While several tools for simplifying the task ofvisualizing (SPARQL accessible) RDF data on the Web are availabletoday, there is a lack of corresponding tools for exploitingstandard HTML forms directly for RDF editing. The few relatedexisting systems roughly fall in the categories of (a)applications that are not aimed at being reused as components, (b)form generators, which automatically create forms from a givenschema -- possibly derived from instance data -- or (c) formtemplate processors which create forms from a manually createdspecification. Furthermore, these systems usually come with theirown widget library, which can only be extended by wrappingexisting widgets. In this paper, we present the AngularJS-basedRdf Edit eXtension (REX) system, which facilitates the enhancementof standard HTML forms as well as many existing AngularJS widgetswith RDF editing support by means of a set of HTML attributes. Wedemonstrate our system though the realization of several usagescenarios.
16:20-16:40 NIF and FREME Sebastian Hellmann KSW & KILT Competence Center, Institute for Applied Informatics (InfAI)
The Natural Language Processing Interchange Format (NIF)is an RDF/OWL-based format that aims to achieve interoperabilitybetween Natural Language Processing (NLP) tools, languageresources and annotations. The introduction will show its usage inthe FREME project:http://www.freme-project.eu/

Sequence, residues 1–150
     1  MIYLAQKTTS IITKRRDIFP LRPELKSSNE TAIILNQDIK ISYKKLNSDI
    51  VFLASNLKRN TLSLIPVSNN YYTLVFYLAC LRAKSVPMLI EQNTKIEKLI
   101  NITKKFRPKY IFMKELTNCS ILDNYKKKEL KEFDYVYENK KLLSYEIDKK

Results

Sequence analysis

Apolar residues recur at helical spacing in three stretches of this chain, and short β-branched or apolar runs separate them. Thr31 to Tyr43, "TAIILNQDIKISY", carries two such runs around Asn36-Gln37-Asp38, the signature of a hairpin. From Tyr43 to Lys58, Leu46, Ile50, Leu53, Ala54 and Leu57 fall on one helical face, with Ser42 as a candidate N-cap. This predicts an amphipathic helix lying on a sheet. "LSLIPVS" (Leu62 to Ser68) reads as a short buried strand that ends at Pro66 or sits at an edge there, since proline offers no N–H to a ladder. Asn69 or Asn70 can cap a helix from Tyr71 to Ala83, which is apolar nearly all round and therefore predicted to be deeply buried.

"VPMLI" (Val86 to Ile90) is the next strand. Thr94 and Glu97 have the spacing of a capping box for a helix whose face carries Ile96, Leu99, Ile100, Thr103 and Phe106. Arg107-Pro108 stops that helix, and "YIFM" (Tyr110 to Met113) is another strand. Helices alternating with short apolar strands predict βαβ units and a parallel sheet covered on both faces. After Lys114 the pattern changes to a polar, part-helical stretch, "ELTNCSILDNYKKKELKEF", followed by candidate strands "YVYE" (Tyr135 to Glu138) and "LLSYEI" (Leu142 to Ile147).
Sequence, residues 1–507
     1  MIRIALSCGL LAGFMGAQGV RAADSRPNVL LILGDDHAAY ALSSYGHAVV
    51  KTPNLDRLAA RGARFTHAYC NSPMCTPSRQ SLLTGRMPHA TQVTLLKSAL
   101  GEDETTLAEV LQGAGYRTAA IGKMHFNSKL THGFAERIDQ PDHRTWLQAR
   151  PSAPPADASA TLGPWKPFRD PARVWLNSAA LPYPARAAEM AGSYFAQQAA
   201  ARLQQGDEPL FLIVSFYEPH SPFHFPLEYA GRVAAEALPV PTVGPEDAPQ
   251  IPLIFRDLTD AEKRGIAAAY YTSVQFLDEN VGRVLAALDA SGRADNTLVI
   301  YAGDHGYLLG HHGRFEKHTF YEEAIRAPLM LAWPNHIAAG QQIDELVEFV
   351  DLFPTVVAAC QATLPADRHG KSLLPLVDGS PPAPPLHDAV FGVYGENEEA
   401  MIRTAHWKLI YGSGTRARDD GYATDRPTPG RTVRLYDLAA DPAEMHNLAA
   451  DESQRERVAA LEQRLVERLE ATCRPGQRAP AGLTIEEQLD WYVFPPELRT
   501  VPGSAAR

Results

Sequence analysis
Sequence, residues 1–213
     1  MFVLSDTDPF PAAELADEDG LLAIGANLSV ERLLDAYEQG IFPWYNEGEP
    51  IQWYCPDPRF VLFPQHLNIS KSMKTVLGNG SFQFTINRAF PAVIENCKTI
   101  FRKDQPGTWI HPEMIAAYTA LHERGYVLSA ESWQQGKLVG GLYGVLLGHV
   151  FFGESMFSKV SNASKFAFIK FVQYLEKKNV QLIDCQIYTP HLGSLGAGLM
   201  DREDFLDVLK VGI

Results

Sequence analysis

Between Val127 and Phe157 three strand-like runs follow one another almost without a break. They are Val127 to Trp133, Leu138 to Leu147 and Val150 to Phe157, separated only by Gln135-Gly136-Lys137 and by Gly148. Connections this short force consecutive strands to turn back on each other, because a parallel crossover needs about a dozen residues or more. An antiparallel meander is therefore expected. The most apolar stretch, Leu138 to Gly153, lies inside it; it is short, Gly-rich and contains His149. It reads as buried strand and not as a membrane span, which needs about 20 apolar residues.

16:40-17:00 Challenges for DBpedia Sebastian Hellmann KSW & KILT Competence Center, Institute for Applied Informatics (InfAI)
The talk will summarize the current state of DBpedia andthen go into the technical challenges that DBpedia and itscommunity are facing in the future. This includes: Extraction ofarticle text and NLP, Extending DBpedia with further facts,Wikidata, Identifier management, Metadata problems, andContributing links to DBpedia.
17:00-17:15 Application examples of DBpedia Japanese Fumihiro Kato National Institute of Informatics
DBpedia Japanese is getting used widely in JapaneseLinked Open Data community since 2012. This talk will introduceapplications using DBpedia Japanese.